A lot of hay has been made on both sides of the political aisle over Donald Trump’s affinity for Twitter. Devotees of the Trump Style love him for it, because it gives the public a raw, unfiltered view from the White House that has been so lacking in those scripted-to-the-letter, soundbite friendly statements we’ve always gotten from presidents past. Those who don’t care much for Celebrity Apprentice politics, on the other hand, lament the president’s use of the 140-character snark cannon as somehow beneath the office. Complaints of this sort usually come in some variation of, “Could you imagine President So-And-So doing such a thing?” followed by a lament over the total loss of dignity in our politics these days.
Take, for instance, one tweet of recent vintage:
Sen.Richard Blumenthal, who never fought in Vietnam when he said for years he had (major lie),now misrepresents what Judge Gorsuch told him?
— Donald J. Trump (@realDonaldTrump) February 9, 2017
Just another example of Trump’s thin skin getting the better of him, right? He’d be better off to let it go and not make himself–and the presidency–look petty, right?
Now take a look at this little gem, in the wake of Jeff Sessions’ confirmation yesterday:
If Jeff Sessions makes even the tiniest attempt to bring his racism, sexism & bigotry into @TheJusticeDept, he'll hear from all of us.
— Elizabeth Warren (@SenWarren) February 9, 2017
Who’s diminishing the office here?
The point should be rather clear to critics who think that the president’s tweeting has brought politics to new lows: that horse bolted from the barn long ago (roundabouts the time Teddy Kennedy, that paragon of virtue, impugned Jeff Sessions’ character to keep him off the bench). The difference is that, up until now, presidents viewed themselves as above the fray.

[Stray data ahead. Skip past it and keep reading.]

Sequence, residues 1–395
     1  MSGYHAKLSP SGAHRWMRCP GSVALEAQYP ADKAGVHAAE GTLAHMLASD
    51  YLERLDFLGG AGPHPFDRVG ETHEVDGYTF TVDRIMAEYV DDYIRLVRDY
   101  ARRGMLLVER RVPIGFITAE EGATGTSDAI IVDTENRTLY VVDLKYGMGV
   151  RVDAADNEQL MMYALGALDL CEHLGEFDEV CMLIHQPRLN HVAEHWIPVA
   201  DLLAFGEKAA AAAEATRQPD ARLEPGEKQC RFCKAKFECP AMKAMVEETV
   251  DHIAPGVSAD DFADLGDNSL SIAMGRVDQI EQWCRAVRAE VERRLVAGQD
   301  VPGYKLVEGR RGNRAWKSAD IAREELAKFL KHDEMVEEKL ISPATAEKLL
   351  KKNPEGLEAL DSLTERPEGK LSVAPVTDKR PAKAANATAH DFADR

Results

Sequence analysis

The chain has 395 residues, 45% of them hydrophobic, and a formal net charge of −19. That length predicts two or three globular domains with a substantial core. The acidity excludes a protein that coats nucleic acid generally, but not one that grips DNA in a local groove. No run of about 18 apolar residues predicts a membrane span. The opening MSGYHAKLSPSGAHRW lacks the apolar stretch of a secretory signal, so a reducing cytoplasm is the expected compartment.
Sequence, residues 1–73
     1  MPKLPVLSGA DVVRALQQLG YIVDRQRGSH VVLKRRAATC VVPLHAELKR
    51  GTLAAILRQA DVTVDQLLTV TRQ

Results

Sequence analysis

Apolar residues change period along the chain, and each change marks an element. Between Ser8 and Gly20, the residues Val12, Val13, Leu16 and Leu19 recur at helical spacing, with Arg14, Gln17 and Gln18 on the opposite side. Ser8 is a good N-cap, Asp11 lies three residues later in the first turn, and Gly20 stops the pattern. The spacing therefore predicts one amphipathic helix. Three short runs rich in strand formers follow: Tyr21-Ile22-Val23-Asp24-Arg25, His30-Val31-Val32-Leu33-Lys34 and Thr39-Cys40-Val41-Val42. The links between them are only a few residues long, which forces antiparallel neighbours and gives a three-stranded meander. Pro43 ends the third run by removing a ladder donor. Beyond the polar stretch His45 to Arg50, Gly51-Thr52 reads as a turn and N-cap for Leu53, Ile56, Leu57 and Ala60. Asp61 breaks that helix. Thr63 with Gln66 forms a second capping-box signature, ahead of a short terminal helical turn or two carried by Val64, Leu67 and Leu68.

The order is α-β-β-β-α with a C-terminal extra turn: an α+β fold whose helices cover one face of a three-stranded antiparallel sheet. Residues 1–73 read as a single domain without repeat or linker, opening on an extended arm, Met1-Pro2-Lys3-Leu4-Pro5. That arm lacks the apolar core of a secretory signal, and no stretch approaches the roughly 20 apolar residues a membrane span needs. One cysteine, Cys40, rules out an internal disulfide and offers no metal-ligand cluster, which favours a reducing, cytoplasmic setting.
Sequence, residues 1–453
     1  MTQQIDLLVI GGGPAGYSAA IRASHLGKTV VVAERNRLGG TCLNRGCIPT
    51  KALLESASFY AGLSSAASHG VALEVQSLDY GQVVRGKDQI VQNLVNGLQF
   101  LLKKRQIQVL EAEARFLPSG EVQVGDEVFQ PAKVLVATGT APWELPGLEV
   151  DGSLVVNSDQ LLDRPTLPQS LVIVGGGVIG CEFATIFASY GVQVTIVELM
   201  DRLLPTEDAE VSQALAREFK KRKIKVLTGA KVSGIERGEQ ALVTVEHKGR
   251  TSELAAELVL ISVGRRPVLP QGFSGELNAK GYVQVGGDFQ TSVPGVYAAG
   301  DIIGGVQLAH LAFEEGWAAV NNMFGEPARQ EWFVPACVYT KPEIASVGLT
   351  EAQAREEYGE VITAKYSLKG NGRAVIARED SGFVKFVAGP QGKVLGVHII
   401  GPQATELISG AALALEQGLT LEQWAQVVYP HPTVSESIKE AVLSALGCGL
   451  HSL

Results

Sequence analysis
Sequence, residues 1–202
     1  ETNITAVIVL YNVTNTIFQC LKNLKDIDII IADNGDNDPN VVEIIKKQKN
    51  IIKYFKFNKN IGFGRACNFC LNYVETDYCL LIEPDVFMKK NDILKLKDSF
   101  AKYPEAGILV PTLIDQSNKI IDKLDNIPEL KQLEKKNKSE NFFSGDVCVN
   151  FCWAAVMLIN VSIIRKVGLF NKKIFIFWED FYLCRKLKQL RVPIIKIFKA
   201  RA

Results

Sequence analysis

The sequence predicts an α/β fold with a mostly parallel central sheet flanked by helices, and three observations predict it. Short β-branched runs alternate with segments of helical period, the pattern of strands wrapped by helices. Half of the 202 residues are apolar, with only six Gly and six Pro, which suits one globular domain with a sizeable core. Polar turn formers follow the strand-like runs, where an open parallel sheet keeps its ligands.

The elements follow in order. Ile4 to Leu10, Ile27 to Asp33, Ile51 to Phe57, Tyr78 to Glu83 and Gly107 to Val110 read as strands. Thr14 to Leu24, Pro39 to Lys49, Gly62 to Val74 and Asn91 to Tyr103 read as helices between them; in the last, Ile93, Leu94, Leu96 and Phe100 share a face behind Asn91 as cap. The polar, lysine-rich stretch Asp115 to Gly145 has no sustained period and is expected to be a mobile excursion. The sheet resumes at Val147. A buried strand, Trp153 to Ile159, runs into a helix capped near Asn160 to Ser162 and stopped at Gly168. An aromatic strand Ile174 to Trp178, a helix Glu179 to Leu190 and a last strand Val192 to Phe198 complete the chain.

George W. Bush famously said that he didn’t want to soil the office by resorting to the tactics of his enemies. As a result, he allowed his enemies to define him. Barack Obama, meanwhile, didn’t need to go down into the gutter because he had the media to do it for him. Savvy as he is, it’s doubtful these lessons were lost on Donald Trump. That’s why he’s been on a singular mission to delegitimize the media that has been trying to delegitimize him. The only way he knows how to do that is to take the fight to them. Hence Twitter, which makes that job much easier.
Do I like the state of affairs as it exists now? Not really. I sympathize with the arguments of those who want to see politics in this country elevated. And when it comes to wishing that we could actually debate issues instead of launching personal attacks, nobody has tossed more coins into the fountain than yours truly. If we could see more conversations like the one Ted Cruz and Bernie Sanders had the other night, I’d be happier than Michael Moore in a Dunkin’ Donuts.
But like Donald Rumsfeld once said, you go to war with the army you have–and right now, the battlefield is all snark, innuendo, fake news and character assassination. Maybe someday we’ll be able to beat all that back, and DC will start talking about things that real people actually care about. Until then, though, we have Twitter–and someone who isn’t afraid of the asymmetrical warfare being waged on social media.